Bio-Mass – that’s a much bigger word than it first appears because it covers a wide ranging group of categories from wood chips turned into pellets for pellet stoves, corn turned into ethanol as a gasoline additive, algae used to create fuel, basically, using anything that was once living, mostly plant based, that can be turned into some form of energy.
Wood is probably the most commonly known bio-mass energy source since we’ve been using it since our cave man days to burn, generating heat and a way for cooking our food. We now take down and dead forest products and turn them into pellets for pellet stoves and burn logs in our wood burning stoves and fireplaces. Pulping liquor or “black liquor” is our largest source for wood energy. It’s the by product from paper and cardboard manufacturing. Currently, ethanol is a rising bio-fuel, turning corn into ethanol as a gasoline additive in percentages of 10 – 15% up to 85% concentration.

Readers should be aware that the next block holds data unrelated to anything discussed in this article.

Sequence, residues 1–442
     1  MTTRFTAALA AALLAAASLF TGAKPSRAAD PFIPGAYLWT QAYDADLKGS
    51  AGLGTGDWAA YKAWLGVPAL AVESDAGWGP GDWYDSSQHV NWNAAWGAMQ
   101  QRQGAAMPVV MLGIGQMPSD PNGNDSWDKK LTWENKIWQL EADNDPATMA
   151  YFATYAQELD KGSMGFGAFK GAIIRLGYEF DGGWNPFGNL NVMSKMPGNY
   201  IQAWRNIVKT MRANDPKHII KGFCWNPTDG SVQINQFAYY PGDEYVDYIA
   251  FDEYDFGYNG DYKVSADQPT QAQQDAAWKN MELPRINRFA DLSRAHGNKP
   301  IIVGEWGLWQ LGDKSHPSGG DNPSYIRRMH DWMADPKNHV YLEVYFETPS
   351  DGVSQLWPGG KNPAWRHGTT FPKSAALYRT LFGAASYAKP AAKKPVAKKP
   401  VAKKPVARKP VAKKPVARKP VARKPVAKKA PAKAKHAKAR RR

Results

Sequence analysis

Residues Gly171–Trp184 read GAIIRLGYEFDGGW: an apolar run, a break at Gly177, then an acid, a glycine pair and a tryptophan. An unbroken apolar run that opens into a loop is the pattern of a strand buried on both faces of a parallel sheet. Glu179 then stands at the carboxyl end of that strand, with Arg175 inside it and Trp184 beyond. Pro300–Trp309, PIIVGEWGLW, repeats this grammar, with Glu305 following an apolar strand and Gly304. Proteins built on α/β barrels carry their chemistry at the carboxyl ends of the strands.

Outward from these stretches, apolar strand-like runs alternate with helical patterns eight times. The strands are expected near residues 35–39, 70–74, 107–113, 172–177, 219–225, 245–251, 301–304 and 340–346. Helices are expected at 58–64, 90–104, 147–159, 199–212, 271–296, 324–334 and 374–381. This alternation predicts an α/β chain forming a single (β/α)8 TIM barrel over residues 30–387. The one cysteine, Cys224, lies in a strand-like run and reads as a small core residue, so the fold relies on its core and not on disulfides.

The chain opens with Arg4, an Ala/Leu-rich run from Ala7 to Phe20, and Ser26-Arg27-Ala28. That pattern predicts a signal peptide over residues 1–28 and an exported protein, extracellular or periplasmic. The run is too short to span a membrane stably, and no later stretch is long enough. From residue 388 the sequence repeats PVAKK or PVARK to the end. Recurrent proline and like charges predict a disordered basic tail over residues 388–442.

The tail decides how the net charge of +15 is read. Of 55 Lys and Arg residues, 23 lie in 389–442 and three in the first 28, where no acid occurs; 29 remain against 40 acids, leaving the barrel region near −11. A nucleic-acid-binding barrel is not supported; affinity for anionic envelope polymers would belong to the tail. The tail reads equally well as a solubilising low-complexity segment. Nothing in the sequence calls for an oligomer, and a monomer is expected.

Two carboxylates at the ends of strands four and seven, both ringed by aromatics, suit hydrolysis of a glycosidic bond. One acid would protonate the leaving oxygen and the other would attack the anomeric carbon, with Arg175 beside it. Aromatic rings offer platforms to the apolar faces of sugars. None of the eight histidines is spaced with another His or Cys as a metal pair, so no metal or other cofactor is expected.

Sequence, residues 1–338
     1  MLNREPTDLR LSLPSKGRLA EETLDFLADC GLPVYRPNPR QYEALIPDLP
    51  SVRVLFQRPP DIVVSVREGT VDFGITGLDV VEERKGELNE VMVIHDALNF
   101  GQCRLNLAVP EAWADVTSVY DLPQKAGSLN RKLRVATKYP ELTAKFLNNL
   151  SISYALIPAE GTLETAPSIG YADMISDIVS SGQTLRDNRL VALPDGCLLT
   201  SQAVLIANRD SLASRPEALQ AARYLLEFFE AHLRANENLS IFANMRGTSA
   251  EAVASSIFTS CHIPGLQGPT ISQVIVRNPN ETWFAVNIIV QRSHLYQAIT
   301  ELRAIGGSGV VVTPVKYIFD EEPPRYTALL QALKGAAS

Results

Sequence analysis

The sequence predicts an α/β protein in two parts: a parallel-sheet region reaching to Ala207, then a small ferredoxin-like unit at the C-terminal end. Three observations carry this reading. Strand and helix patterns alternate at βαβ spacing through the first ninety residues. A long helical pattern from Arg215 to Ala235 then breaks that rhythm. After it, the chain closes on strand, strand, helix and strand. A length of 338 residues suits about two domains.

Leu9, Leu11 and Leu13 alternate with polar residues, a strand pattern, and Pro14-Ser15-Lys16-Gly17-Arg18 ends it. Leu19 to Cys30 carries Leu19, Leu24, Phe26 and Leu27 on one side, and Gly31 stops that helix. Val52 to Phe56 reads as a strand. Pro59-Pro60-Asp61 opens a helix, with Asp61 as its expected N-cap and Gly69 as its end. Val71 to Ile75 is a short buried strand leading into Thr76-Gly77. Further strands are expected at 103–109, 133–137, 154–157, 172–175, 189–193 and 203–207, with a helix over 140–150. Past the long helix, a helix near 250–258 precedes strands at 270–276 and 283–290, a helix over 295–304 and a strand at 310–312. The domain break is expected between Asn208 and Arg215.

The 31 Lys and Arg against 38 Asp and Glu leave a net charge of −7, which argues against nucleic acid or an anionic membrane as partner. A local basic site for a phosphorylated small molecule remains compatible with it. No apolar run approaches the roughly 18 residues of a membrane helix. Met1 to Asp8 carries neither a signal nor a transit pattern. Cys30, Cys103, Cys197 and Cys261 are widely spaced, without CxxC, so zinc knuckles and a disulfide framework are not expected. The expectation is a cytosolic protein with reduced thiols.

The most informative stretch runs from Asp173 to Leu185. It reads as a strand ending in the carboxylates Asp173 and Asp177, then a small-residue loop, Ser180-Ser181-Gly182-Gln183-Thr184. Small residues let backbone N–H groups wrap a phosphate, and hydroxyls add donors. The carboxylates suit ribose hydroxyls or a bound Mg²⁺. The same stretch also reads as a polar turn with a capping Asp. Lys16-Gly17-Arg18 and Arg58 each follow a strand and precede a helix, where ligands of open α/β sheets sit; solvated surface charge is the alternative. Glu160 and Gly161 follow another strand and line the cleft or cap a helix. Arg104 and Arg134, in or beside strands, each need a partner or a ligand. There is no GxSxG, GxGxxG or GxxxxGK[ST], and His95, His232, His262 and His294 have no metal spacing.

Many other fibrous plants such as sugar cane, switch grass and hemp are being grown and cultivated for their use in bio-fuels. Herein, we are exploring the many varieties of bio-fuel and how they are helping to ease our dependance on fossil fuels.
- EPA's Biogenic Carbon Framework: A New Chapter For Biomass - Biomass Magazine
- City in Okayama on track to become self-sufficient with biomass energy - Asahi Shimbun
- Forest fire residue will aid biomass energy production - Porterville Recorder
- USDA Improves Forest Health by Harvesting Biomass for Energy - USDA.gov (press release)
- Industry commitment to sustainable biomass energy - The Copenhagen Post